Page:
5. Must have been a nano-calibre because I haven't felt anything and there's no blood in the carpet. Or maybe my observation skills need improving...
  6. If you go round peoples houses you are listening to an unfamiliar system in an unfamiliar room. This is an interesting but not particularly fruitful experience unless one or more of those rooms and systems are very familiar to you. There was a time when I fiddled with a pair of 2-way horn speakers: I bought a mic, and like you I read the objective information I could get my hands on. I listened to the only pairs of horns I could access, some TAD 2402s and some Avantgardes at a dealer. Added a tweeter, replaced the horn. Tried a chip-amp and a tripath-amp. Ultimately a project that too expensive and burdensome. I don't disagree with the terms per se, only if or when they are used pejoratively. Interestingly I am considered an objectivist here and at PFM and a subjectivist in ASR... If you haven't yet there's an interesting old piece presented by Henning Møller (Brüel & Kjær) at the 59th AES Convention in 1978 which discusses listening and measurement correlation is an interesting read: Multidimensional Audio Abstract Audio is easily and meaningfully perceived by the "global" subjective human mind - and comprehended simultaneously. A similar "meaning" can be obtained in the objective world of measurements if - as in the human mind - a reasonable amount of "local" objective measurements are simultaneously considered and weighted. No single measurement is sufficient. Today there are already six "measuring domains" that strongly correlate to the subjective perception of Audio. These will be discussed in the paper. http://shop.linkwitz.audio/multidimensionalaudio.pdf I've been participating in audio forums in the US and the UK and Portugal and Spain and France since the mid '00s. My observations are what they are. You can contest them as anecdotal, as much as my listening experiences with cables or other equipment. Audiophile behaviour is not my field of research nor even my pastime... Like I said: The most rationalist of audiophile I have met is Serge, who claims that he buys all his gear on specs and measurements. But his objectivism is supported by knowledge, unlike Keith's which to my understanding is based on belief. Most other audiophiles tend to be primarily objective or subjective in their approach, there are hardly any pure subjectivists or objectivists if at all. A more evolved or effective approach is to learn the basics and use both listening and measurements. Well, Jack, you seem to fall into that cluster. Nothing to be worried about...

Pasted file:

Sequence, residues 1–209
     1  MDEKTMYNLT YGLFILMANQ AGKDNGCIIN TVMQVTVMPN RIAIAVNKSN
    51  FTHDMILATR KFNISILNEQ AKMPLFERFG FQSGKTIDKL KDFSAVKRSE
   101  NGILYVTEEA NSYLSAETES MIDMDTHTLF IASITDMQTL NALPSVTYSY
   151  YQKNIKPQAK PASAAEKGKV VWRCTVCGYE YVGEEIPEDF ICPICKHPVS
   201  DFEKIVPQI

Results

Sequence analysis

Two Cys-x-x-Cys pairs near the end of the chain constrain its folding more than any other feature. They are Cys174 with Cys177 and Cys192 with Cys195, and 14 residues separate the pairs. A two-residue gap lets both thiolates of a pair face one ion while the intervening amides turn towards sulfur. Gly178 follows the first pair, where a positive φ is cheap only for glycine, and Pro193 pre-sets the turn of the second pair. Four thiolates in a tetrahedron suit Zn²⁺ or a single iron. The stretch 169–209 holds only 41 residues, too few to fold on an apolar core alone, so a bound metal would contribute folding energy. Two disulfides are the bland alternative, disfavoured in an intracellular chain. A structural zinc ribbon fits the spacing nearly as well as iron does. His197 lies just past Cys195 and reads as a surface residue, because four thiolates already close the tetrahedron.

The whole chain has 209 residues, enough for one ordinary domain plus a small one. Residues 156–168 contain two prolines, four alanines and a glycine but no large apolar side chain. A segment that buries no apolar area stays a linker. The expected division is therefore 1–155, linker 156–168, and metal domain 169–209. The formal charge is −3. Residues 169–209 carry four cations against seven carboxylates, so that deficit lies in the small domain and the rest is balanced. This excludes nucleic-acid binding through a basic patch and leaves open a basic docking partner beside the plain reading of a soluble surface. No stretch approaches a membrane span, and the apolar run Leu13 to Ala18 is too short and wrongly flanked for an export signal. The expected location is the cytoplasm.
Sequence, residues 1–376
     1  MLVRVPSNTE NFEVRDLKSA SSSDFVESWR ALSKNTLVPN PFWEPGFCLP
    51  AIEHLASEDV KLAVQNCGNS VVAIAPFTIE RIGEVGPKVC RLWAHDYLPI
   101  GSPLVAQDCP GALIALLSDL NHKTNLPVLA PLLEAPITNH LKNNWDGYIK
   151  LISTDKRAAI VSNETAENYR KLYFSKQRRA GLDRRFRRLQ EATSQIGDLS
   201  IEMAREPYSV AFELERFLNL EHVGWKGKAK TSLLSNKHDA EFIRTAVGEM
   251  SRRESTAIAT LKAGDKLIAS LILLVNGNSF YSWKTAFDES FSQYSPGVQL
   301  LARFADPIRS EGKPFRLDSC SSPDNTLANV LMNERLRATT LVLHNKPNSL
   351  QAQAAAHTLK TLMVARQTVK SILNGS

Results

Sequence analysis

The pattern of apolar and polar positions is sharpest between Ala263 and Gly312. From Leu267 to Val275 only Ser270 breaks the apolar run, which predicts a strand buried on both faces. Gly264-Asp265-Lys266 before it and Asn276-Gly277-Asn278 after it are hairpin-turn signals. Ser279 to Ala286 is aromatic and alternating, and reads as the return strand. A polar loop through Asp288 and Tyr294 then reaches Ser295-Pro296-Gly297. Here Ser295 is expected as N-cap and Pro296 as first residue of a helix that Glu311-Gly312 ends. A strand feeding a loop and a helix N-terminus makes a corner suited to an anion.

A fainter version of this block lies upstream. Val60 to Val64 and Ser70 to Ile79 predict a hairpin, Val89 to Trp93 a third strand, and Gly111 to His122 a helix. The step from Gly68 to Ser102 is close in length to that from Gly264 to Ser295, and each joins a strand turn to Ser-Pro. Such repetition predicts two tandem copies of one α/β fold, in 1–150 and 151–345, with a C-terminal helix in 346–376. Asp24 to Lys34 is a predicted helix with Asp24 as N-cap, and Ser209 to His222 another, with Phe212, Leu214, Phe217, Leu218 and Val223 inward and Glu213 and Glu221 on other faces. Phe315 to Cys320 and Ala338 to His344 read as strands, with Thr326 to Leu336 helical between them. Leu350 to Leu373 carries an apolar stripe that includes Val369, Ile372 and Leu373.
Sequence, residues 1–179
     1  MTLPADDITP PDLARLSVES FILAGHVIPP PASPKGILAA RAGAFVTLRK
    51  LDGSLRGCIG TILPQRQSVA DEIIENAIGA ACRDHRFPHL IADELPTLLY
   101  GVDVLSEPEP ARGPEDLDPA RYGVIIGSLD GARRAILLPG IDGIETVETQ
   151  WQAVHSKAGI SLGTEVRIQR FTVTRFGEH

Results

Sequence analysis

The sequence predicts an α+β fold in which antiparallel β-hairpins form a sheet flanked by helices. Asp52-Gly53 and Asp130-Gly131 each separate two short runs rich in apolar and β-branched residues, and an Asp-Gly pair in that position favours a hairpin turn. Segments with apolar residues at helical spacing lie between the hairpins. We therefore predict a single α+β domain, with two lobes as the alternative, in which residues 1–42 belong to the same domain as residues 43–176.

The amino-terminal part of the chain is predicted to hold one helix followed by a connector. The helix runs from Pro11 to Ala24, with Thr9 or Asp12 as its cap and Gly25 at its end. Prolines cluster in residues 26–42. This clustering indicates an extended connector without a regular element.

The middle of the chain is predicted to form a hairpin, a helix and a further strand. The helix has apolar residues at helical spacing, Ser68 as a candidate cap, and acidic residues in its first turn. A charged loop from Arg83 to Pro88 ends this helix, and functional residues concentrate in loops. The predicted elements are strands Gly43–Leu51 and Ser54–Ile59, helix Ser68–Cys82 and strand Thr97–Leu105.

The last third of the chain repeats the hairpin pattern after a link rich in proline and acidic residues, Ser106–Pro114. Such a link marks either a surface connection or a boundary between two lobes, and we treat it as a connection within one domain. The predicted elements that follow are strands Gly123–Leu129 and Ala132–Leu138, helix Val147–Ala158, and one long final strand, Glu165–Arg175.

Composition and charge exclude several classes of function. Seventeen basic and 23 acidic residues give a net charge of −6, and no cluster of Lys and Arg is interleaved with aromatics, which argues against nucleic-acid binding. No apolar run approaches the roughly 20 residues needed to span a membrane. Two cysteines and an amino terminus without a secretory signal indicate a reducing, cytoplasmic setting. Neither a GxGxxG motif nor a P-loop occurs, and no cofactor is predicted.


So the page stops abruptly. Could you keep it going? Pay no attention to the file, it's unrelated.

7. That a very good question. I find that AB testing is only good for rather gross differences (and a tiring, boring task). I prefer to replace a single piece of equipment in my system, assess it's performance for a week or three, then go back to the original system. Never replace/audition two new components or you will lose your references. If measurements are available and I identify some shortcomings in the performance then I try to correlate the two and see if I can pinpoint probable causes. Only when I know what's wrong and what is probably causing it do I look for a replacement that will potentially solve those shortcomings and hopefuly not create new ones. I use measurements to shortlist potential candidates worth listening to. Vinyl reproduction is very flawed, just as speakers are, and this raises the level of complexity exponentially. I strive for accurate reproduction of the signal and (thus) prefer digital. Besides, digital sounds (subjectively) better. As for THD, if the levels are vanishingly low then they become inaudible. There is listening training software and you can also use Audacity to learn what harmonic distortion sounds like. Also the material that you use to assess performance may or may not be adequate. And to make matters worse low- even-order HD sounds pleasing/euphonic to many people...